Mayer Hawthorne never planned on being a soul singer, much less the hottest white soul singer of 2009. Heck, he never even planned on being Mayer Hawthorne.
Before the smoothly seductive single “Just Ain’t Gonna Work Out” caught the attention of Stones Throw Records, his California label, Andrew Mayer Cohen was an aspiring hip-hop artist known as DJ Haircut, an identity he established with southeastern Michigan groups such as Now On and Athletic Mic League before moving from Ann Arbor to Los Angeles four years ago. Now, however, he’s being celebrated for his debut album, “A Strange Arrangement,” which was released in September to rave reviews from critics and peers.
Producer Mark Ronson (Amy Winehouse, Lily Allen, Adele), for instance, crowed, “I have no idea what this is, old or new, but it’s (expletive) good!” John Mayer was impressed enough that he got ahold of Hawthorne and asked him to open two shows for him, including a New Year’s Eve date in Las Vegas. And Snoop Dogg recently reached out to Hawthorne to remix one of his tracks.
“It’s been an insane whirlwind for me,” says Hawthorne, 30, who’s been so busy that he adds “it’s really hard to justify even paying rent” in Los Angeles anymore. “It’s really surreal. When I first started recording songs for this album, I don’t think anyone — including myself or my label or my friends — would’ve ever expected that it to receive as much attention as it did. “This was really just sort of a side project for me. It was something I was doing for myself, just an experiment on the side. I assumed I would put this album out and carry on with my hiphop career, but that hasn’t been the case. It’s gotten so much bigger than I ever anticipated.”
Hawthorne — whose stage name combines his middle name with the name of the street he lived on in Ann Arbor — credits his parents with introducing him to soul music. “They were buying me records before I could even read the labels on ’em,” he recalls. His father, who owns an auto parts store, played a steady stream of Motown and classic rock for his son and also taught him to play bass at “an insanely young age.”
“I remember one of the first albums that I really was obsessed with was the Police, ‘Synchronicity,’ ” Hawthorne says. “I borrowed my dad’s cassette tape of it and wore it out. I remember he made me buy him a new one ’cause I ruined his by playing it so much.”
Hip-hop — particularly artists such as Public Enemy, LL Cool J, Nas and De La Soul — gave a teenage Hawthorne his “own musical identity in high school,” but it didn’t diminish his homeschooled love for soul.
“Hip-hop music draws extremely heavily on soul music,” Hawthorne notes, “and I got into producing hip-hop, which in turn led to me digging for a lot of the samples that are used in a lot of my favorite rap songs. That kind of brought me full circle back to soul music.”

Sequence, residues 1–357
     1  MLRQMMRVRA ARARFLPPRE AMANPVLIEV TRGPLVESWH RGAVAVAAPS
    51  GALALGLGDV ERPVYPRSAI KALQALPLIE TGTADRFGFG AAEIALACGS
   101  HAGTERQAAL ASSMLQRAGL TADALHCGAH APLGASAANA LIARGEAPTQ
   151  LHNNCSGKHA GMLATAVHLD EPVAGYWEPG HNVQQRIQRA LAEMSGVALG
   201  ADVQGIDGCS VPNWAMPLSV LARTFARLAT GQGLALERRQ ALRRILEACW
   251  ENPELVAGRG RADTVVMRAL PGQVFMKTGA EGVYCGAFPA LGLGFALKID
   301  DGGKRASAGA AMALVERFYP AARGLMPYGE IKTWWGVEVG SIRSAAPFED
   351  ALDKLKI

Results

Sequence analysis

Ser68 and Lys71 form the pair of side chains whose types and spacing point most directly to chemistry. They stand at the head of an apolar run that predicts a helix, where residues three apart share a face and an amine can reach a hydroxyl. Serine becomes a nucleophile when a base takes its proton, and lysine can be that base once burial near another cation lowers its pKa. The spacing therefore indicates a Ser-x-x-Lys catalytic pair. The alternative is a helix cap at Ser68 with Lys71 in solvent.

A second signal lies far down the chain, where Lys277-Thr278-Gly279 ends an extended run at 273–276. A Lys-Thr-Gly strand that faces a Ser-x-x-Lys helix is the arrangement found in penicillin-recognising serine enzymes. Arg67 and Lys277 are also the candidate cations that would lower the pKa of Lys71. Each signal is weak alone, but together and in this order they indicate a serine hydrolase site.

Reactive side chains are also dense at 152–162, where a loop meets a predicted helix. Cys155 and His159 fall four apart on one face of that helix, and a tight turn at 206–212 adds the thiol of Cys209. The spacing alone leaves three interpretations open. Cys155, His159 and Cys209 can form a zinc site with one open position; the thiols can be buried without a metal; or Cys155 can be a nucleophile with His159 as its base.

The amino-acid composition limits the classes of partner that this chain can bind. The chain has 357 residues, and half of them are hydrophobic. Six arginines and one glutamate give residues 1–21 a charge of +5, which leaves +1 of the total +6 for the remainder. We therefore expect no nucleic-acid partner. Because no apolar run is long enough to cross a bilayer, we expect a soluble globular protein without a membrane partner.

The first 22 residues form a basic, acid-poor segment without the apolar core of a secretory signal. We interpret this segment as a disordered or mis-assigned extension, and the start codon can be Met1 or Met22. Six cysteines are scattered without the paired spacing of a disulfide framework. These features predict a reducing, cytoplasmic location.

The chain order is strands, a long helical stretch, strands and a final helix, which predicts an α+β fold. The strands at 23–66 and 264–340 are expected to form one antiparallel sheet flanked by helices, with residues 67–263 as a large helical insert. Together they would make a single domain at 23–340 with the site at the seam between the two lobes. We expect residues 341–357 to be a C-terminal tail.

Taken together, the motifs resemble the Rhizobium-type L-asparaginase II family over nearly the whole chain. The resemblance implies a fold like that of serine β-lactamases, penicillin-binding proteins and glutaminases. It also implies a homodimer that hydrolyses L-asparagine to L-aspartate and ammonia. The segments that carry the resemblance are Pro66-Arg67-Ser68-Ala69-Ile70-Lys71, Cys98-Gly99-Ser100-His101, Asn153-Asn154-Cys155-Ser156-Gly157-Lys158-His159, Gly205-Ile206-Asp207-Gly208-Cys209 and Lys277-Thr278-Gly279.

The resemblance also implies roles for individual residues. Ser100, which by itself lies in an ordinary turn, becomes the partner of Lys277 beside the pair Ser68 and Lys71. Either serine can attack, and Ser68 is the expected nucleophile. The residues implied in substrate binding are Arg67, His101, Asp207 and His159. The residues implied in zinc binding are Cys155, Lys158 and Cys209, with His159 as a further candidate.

He was writing songs from the time he was in high school, but Hawthorne says that it took awhile before he was satisfied with his work.
“I never felt like I was a good songwriter until recently,” he explains. “I don’t know what happened; something kind of clicked in me and ... I actually started writing good songs. But it took awhile.”
He also has no real explanation for where “Just Ain’t Gonna Work Out” came from. “Like most of the songs I write nowadays, it feels like it beamed out of the sky,” says Hawthorne. He actually cooked up the song while he was driving to a party at a friend’s house in Detroit and called his home voicemail to preserve the ideas.
“When I got home that night from the party, I recorded it,” he adds. “That was the first Mayer Hawthorne song.”
Hawhthorne thought he was signing a one-off singles deal with Stones Throw Records in Los Angeles for “Just Ain’t Gonna Work Out,” but company owner Peanut Butter Wolf sent him a contract for an album and convinced an initially reluctant Hawthorne to work up 11 more tracks that range from the smooth Chicago flavor of the title track, “Maybe So, Maybe No” and “Green Eyed Love” to the buoyant Motown bops of “Your Easy Lovin’ Ain’t Pleasin’ Nothin’,” “Make Her Mine” and “One Track Mind.” But even with its success, Hawthorne contends there’s room for improvement.
“I’m still very much learning how to be a singer,” he says, “ ’cause it’s something that’s relatively new for me. I’ve been making music for over 10 years now, but this my first foray into singing. I’ve had to really learn to use my voice as an instrument and take care of it, which is something you take for granted.”
He’ll have time to keep studying. Though he has other musical projects in mind, including a “new wave album,” Mayer Hawthorne, soul singer, is his primary concern these days — and for the near future, at least.
“I’m pretty focused on supporting this album now,” Hawthorne says. “I’m gonna be on the road for a while. But I’m always working on new music, always thinking about new music and working on a few different projects. I’ve got songs written for the next Mayer Hawthorne album as well ... but this Mayer Hawthorne album has me pretty tied up right now.”
Mayer Hawthorne and Will Sessions perform Saturday (Dec. 19) at the Magic Stick, 4120 Woodward Ave., Detroit. Doors open at 8 p.m. Tickets are $12. Call (313) 833-9700 or visit www.majesticdetroit.com.
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